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Research overview

Effectiveness of treatment for Graves’ disease: evidence base for a shared decision making tool

My treatment options “Mine behandlingsvalg” commissioned the Norwegian Institute of Public Health to find and summarize key findings from systematic reviews about relevant treatment options to ease the symptoms among patients with Graves’ disease.

Downloadable as PDF.

  • Year: 2018
  • By: Norwegian Institute of Public Health
  • Authors Dalsbø TK, Fønhus MS, Strømme H, Lauritzen M, Lager AR.
  • ISBN (digital): 978-82-8082-967-2

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Key message

Graves' disease is an autoimmune disease. Helsenorge.no describes that in people with Graves' disease, the immune system forms antibodies that stimulate the thyroid gland to increased production of the hormone thyroxin. Graves' disease is the common cause of high metabolism among younger people. The disease can cause unexplained weight loss, heartbeat, nervousness, restlessness, heat intolerance and eye problems. There are several treatments that can help.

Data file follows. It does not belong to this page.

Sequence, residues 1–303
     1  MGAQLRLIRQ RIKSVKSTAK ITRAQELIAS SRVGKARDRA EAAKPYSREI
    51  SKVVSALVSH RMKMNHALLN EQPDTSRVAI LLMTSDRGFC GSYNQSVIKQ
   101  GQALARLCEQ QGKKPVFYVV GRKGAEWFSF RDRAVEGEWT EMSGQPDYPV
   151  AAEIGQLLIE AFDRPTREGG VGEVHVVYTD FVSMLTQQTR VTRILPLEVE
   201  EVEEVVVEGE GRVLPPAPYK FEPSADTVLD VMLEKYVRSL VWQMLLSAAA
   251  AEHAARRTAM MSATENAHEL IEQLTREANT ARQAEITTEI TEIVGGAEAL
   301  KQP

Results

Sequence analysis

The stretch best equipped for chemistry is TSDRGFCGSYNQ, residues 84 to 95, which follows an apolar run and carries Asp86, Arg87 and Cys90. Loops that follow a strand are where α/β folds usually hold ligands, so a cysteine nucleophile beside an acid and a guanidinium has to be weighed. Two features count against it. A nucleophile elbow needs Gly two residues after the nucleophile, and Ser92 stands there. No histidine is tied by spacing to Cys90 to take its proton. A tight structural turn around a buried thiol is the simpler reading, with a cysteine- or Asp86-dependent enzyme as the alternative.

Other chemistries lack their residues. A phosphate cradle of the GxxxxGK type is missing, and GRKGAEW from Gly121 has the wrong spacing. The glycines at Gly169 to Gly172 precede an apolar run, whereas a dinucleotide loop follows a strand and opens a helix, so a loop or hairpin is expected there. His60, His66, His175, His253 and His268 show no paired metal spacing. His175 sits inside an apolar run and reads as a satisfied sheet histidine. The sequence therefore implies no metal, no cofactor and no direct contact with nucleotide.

My treatment options “Mine behandlingsvalg” commissioned the Norwegian Institute of Public Health to find and summarize key findings from systematic reviews about relevant treatment options to ease the symptoms among patients with Graves’ disease.

We included four systematic reviews about the effectiveness of:

  • medication
  • radioiodine therapy
  • surgery

We prepared summary of findings tables and plain language sentences to summarize the results. Bottom line for the main outcome symptoms, such as relapse is:

  • total tyreoidectomy probably is probably associated with recurrences to hypothyroidism compared to subtotal tyreoidectomy
  • total tyreoidectomi is probably associated with fewer recurrences to hypothyroidism compared to bilateral subtotal tyreoidectomy
  • bilateral subtotal thyreoidectomy is probably associated with more recurrences to hypothyroidism compared to Dunhill procedure
  • high dose antithyroid drugs compared to low dose gives little or no difference in recurrences to hypothyroidism
  • radioiodine compared to metimazole suggests fewer recurrences to hypothyroidism, but we are uncertain because we have very little confidence in the evidence
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